While the lessons of the harrowing COVID-19 virus are still emerging, one has become crystal clear: We now see food security, housing, health care and jobs for all as essential.

Deep down, we have always known the value of these. However, when our safety nets are gone, we see the urgent need for action. I believe it is a time for leaders to convene and plan how to rebuild our communities, to advocate for basic needs, and to implement new policies for a better future for all our residents. This is historic, and we need to have historic collective thinking, action and leadership.

In fewer than 30 days, more than 90,000 Mainers have filed for unemployment. Many (70,000 Mainers) who are independent contractors and sole proprietors are also out of work, and they cannot apply for traditional unemployment, but may be able for help through a newly created temporary federal program that just started taking applications on Friday. Hundreds of newly arrived asylum seekers who are legally authorized to work cannot qualify for assistance – even though they have paid into the system. Additionally, many frontline undocumented workers who pay taxes and help businesses generate revenues cannot receive help. Significant worries about financial survival and basic needs now plague almost one in five working Mainers, and that number is sure to go higher.

As a seismic shift deeply impacts the working poor – workers who live paycheck to paycheck – how will our financial and institutional leaders respond? How will we respond to the emerging needs of the very communities for whom our safety net was built? Are we poised with the right resources to feed, clothe, house and provide health care? The national average of savings for the working poor in the U.S. is less than $400 in the bank. This amount is not enough to pay the bills, and each passing week, without help or supplemental income, that debt grows.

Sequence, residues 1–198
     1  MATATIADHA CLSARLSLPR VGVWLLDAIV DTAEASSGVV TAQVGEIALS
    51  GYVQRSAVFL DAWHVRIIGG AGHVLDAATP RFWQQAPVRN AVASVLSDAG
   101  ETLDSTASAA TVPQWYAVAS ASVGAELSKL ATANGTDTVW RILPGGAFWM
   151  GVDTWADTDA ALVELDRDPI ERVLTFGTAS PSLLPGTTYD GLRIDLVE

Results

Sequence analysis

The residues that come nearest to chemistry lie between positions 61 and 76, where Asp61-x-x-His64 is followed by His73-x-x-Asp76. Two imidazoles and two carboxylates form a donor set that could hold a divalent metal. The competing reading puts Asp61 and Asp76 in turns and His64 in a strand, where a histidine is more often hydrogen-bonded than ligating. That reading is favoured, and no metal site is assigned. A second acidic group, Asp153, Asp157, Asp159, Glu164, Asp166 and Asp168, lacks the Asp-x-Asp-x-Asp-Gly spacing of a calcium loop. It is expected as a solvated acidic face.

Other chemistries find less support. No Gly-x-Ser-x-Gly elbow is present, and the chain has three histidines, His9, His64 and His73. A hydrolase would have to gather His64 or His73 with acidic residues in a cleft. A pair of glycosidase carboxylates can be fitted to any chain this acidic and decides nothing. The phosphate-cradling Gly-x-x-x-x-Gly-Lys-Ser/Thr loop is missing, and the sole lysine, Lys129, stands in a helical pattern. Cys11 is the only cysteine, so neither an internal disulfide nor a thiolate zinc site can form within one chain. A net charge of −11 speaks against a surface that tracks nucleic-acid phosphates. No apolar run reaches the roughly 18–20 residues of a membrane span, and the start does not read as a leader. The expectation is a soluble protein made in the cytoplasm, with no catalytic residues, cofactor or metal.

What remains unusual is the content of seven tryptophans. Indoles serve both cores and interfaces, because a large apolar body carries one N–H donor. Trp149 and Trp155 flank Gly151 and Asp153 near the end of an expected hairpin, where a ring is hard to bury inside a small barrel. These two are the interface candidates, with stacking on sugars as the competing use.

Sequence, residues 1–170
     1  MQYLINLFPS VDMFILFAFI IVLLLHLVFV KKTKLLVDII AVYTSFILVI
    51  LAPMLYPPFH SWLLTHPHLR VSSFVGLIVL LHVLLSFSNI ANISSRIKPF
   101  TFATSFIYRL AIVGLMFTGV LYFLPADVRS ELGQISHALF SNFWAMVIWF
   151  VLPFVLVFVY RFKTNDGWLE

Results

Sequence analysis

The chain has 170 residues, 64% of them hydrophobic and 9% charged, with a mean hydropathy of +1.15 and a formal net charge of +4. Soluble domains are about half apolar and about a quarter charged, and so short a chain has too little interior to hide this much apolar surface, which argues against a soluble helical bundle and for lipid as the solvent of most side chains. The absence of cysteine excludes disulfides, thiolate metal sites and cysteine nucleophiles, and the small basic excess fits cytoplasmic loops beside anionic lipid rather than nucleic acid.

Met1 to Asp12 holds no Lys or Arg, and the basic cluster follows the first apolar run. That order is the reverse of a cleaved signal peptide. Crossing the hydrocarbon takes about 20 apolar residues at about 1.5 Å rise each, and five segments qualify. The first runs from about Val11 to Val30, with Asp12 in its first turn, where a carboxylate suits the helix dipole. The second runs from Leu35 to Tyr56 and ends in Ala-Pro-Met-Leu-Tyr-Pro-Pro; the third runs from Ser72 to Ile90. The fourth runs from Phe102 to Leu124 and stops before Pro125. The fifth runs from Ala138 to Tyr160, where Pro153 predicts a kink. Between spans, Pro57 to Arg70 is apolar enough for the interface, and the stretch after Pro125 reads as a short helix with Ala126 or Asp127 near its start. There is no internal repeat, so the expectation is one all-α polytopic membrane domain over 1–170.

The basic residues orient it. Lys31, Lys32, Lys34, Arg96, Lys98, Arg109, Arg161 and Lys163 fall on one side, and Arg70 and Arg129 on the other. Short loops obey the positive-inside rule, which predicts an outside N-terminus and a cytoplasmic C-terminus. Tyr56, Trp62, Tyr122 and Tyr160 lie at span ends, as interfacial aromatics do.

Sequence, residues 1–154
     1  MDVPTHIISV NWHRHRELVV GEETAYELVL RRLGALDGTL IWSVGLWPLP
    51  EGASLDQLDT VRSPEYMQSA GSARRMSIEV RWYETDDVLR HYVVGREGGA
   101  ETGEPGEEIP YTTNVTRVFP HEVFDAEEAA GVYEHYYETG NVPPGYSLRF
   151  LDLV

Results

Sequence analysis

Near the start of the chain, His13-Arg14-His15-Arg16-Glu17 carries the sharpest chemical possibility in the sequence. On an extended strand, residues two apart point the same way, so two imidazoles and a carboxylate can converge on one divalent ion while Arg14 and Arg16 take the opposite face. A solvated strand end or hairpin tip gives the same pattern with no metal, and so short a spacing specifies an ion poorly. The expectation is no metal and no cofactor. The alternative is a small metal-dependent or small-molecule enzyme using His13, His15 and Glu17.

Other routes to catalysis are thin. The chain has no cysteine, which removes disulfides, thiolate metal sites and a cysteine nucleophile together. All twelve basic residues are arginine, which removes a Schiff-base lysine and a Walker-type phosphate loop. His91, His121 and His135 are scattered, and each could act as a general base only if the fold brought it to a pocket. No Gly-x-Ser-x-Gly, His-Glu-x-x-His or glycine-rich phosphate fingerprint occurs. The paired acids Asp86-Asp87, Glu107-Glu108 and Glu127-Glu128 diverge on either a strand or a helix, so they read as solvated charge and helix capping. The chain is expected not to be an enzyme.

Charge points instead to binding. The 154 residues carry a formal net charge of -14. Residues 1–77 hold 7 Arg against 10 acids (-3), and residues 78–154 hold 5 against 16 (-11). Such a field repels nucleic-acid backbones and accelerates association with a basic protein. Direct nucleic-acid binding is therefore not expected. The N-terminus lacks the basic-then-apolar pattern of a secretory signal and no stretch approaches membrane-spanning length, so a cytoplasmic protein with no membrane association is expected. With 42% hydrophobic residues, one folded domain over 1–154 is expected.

In these historic times, we need leaders in finances, philanthropy, business and government to come together to design our next steps. We need honest and courageous conversations about how private and nonprofit sectors may work together through focused giving and strategic investments. A special, one-time donation or special grant waiver or exceptions will not be enough; thus, foundations need to shift their giving, create long-term strategies and advise policymakers.

Before this time, the stock market generated one of the greatest concentrations of wealth in the last 11 years. The stock market generated more than 350 percent in income for its investors while the income for the working poor remained flat. Remarkably, during the Great Recession in 2009, the Dow Jones Industrial Average, which tracks the stock prices of a selection of major companies, was at 6,547. This past week, it finished at 23,715.  This means corporations, retirement funds, hedge funds and many foundations have seen their wealth increase more than threefold in 11 years.  Now is the time for corporations and foundations to increase their giving and help those who have been left out.

The wealthiest are well-protected, but we cannot survive if 20 percent or more of our workers are displaced. The city can’t pay for safety nets. We cannot simply raise taxes or fees, because this regressive action will ultimately hurt the very people who are struggling. I encourage foundation and corporate leaders to redirect their giving to address long-term basic needs in our community: feed, house, clothe, assist with health care and help develop the workforce for the nearly 20 percent Mainers who are unemployed.

I have seen the tremendous power of merging the different sectors – foundations, businesses and state government agencies – together for the common good. As a current city councilor on the Health and Human Services and Economic Development Committees, I understand the critical need to restore our safety net and offer that strategic investments will grow and rebuild our economy. We need to prioritize the basic needs of the most vulnerable Mainers and suspend special projects until basic needs are met, unemployment for the working poor is mitigated, and new sectors are created to employ workers. I hope we can work collaboratively, and soon.

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